If a visitor came into your office looking for you, and asked a colleague to point you out, what would they say? The short, messy one? The busy one with her glasses on her head?
If a colleague was describing you to someone from another department, how would they sum you up? A good project manager, but she never replies to emails? Great with the technical stuff but lacking in people skills? Lovely to work with but a bit of an airhead?
This is Brand You: how people see you in the workplace (and out of it) and therefore how they form opinions and judgements of you. You could be more effective at work if you knew more about the impression you make and how to improve it. I spoke to Salma Shah, Founder of Beyond and one of the trainers at womenintechnology. She’s an expert in personal branding, leadership, communication and conflict resolution.
Salma, What is a personal brand?
A personal brand is your ‘reputation’: how do people describe you? It’s the emotional fingerprint you leave on others. Successful, leader and trustworthy or are you someone who is described as creative, disorganised and unassuming? Body language, posture, clothes, facial expression, accessories are all part of the package. The key to developing a successful personal brand is authenticity and self-awareness. How we are judged by others is based on a whole host of subconscious decisions. Most of us a highly attuned to picking up fake behaviour. So faking it is a massive brand saboteur. You have to be true to your real self and then apply skills to make a better impression.
Oh, so I have a personal brand already?
Everyone already has a reputation and therefore a brand. The question is, are you in control of your brand? Colleagues and acquaintances already sum you up in a few words. Your emotional fingerprint is also your ‘reputation’. Are you aware of how others describe you? Or are you sabotaging your personal brand through ignorance or naivety? If you were a supermarket – what kind of supermarket would you be? Lidl or Waitrose?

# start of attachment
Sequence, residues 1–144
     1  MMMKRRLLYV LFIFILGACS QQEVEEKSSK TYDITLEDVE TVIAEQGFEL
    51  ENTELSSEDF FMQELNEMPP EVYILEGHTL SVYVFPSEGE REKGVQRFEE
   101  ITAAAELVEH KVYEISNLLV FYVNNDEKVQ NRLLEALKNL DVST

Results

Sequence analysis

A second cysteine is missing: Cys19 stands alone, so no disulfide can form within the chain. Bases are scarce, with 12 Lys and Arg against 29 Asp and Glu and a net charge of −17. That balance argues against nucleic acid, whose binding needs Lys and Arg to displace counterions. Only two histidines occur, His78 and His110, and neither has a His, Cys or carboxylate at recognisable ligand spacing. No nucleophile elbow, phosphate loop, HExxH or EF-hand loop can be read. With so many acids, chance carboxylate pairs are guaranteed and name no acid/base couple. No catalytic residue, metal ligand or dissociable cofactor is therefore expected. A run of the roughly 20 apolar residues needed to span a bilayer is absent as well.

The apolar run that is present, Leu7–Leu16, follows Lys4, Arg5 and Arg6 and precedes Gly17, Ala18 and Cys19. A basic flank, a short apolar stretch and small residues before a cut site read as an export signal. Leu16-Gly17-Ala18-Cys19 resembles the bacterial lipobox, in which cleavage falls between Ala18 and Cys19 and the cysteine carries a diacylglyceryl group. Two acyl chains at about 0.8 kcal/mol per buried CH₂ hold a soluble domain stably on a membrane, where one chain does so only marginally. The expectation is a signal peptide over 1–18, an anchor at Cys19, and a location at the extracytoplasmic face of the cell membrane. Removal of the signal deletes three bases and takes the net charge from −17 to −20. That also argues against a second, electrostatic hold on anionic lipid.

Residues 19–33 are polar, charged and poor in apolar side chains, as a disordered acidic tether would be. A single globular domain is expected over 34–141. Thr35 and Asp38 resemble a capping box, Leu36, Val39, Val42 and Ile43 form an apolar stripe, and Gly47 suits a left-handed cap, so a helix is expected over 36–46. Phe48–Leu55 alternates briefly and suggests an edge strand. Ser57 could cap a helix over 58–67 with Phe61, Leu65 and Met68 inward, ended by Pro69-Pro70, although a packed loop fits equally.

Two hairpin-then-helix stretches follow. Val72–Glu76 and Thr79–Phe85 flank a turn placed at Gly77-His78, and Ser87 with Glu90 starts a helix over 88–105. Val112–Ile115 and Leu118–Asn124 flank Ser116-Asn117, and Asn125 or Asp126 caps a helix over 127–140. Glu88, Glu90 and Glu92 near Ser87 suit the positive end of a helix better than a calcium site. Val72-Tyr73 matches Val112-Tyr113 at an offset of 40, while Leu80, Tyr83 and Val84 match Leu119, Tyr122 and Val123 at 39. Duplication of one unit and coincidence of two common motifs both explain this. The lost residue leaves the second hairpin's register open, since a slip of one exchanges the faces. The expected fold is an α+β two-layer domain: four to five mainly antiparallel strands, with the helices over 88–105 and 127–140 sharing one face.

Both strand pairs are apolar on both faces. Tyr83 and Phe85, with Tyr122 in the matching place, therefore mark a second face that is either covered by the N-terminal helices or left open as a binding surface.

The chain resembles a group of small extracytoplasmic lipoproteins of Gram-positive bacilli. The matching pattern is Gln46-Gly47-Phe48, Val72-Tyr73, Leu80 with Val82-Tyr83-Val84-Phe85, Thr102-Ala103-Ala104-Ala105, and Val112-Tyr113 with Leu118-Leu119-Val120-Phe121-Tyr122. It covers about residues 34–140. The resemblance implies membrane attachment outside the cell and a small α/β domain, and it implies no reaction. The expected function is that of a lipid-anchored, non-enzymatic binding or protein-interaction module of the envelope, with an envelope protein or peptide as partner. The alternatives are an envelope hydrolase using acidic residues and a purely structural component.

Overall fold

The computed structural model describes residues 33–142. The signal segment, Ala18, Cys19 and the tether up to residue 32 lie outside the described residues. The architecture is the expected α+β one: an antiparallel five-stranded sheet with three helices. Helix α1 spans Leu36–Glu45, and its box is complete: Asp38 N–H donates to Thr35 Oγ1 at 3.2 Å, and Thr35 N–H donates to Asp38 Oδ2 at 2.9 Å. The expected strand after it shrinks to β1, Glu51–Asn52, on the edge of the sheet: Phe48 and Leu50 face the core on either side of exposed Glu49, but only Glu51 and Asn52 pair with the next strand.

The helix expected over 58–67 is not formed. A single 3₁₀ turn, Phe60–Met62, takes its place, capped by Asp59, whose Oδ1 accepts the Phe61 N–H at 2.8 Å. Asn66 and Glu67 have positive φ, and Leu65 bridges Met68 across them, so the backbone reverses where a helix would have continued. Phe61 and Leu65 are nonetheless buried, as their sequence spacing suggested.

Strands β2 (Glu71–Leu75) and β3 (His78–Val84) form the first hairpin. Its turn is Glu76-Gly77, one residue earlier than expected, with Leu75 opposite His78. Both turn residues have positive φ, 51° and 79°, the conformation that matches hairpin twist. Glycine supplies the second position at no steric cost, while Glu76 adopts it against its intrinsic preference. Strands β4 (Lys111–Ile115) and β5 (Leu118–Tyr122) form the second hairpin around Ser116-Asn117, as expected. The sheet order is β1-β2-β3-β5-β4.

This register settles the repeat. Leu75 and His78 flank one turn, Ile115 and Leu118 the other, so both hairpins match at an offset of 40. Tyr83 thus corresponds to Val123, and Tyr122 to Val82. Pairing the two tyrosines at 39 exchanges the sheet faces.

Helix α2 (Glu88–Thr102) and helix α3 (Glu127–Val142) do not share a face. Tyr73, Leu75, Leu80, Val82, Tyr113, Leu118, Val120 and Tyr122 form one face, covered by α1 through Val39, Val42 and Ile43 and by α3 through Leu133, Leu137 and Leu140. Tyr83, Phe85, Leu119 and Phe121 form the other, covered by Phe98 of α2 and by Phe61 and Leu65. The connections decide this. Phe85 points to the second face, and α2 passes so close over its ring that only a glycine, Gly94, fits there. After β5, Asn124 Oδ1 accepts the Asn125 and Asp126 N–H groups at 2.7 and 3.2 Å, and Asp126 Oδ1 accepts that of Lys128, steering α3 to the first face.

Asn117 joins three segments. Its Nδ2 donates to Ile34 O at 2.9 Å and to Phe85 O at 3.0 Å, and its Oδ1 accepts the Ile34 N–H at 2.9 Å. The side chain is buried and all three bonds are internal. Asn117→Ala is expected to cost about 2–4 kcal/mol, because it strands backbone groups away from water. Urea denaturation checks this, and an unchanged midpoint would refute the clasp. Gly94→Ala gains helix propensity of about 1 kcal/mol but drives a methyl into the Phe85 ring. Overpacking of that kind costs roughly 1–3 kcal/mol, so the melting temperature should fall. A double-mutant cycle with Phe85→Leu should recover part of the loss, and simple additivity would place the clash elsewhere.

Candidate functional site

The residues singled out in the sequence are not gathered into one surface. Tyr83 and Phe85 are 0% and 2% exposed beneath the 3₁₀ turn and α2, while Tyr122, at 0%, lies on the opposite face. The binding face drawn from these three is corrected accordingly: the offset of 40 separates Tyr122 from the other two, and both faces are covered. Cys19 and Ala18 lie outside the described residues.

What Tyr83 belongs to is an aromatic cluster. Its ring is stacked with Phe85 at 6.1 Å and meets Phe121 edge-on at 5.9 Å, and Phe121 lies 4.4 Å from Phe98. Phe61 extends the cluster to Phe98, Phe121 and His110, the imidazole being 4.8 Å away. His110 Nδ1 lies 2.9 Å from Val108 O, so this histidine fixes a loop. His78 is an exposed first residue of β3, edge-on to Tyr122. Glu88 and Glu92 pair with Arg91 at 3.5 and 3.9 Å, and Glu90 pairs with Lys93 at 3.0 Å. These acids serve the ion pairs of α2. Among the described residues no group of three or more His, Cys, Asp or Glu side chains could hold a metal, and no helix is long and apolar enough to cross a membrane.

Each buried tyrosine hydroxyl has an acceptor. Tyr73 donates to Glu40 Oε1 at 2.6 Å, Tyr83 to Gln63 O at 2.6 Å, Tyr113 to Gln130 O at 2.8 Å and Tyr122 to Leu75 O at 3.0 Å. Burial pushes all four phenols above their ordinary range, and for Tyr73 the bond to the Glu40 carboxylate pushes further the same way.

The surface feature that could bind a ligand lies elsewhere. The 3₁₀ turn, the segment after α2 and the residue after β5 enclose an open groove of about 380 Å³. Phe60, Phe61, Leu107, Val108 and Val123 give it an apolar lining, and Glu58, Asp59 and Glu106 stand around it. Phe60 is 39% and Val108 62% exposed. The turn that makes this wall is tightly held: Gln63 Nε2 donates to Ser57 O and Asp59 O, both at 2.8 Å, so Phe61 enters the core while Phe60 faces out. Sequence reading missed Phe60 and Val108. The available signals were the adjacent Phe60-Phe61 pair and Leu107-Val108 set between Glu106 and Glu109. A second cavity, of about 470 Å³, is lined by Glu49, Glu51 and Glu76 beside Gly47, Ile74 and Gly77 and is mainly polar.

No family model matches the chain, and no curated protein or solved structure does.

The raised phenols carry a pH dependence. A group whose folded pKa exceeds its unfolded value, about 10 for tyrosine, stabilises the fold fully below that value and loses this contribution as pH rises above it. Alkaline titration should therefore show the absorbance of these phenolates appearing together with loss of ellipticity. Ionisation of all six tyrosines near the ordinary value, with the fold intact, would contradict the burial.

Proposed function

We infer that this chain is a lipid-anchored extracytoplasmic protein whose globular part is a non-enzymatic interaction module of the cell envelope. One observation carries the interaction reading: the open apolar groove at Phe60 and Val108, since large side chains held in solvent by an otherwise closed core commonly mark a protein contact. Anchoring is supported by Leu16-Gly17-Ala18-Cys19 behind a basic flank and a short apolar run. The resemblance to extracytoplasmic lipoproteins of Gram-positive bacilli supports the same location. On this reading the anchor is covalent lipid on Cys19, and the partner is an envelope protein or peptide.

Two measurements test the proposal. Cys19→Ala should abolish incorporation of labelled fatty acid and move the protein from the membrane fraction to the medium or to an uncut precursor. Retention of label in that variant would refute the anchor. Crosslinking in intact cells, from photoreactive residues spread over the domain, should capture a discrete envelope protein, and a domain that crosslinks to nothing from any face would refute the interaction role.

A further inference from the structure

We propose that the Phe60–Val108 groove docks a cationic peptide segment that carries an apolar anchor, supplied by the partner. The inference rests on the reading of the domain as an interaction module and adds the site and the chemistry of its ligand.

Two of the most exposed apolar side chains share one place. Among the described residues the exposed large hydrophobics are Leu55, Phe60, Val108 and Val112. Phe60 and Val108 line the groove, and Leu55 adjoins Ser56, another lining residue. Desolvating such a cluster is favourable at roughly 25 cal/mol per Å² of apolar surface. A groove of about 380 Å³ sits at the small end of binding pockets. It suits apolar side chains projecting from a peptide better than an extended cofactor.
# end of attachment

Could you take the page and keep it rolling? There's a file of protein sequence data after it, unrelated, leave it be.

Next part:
OK. I want to be Waitrose. Or even the John Lewis Food Hall on Oxford Street. Can I improve my personal brand?
Yes, of course you can work on your brand. The question to ask yourself is what is the motivation behind your public personal brand. Is there a pressure for you to be like everyone else? Is there an internal disconnection between the real you and how others perceive you? Do you need to work on your external image? If you want to be perceived as someone who is successful, a leader and a professional do you look, sound and behave this way? Perhaps the changes you need to make are on the inside, working on your confidence and communication skills.
Making changes on the inside sounds difficult. How does it work when you run courses?
My experience of running personal brand workshops falls into two camps. The already converted arrive to pick up hints and tips on separating themselves from the herd. Then there are the sceptics – their dominant
argument is ‘Why do I have to behave differently or dress a certain way? I am an expert at what I do and what is on the inside that counts. Others should see my natural brilliance.’ At some stage during the workshop the sceptics will moan about how they keep getting passed over for promotion and how they feel undervalued by their boss.
So personal branding has a lot to do with how others see us, but that depends on what we show them. I’m different at work to how I am with my friends, so is that part of it?
Those with a good personal brand typically have a well developed sense of what their private and public values are. Where possible their public and private value systems are aligned giving them clarity, positivity and purposeful confidence in all aspects of life choices.
A key aspect of personal branding is to portray your key messages clearly and consistently in your appearance. Visual triggers dominate in humans so reflecting your personal brand values consistently in your presentation creates a powerful and winning package. Dress, grooming, body language or facial expression. These shout volumes about you without you speaking a word, so make sure they say the right thing. Achieve a good balance in your image between ‘standing out’ and ‘fitting in’. You aim to ‘stand out’ because you consistently project your strengths and not because you look awkwardly out of place. You ‘fit in’ because your dress and grooming always create an appropriate professional appearance in context with the situation. Add your individual style choices that signal your qualities and brand values. Personal image is comprised of many details that together create a holistic picture. Ask yourself if all the details in your picture are working towards creating a true and positive impression? Does your image help you to stand out for all the right reasons by clearly reflecting your unique personal brand?
Thanks, Salma! Sounds like I need to go shopping…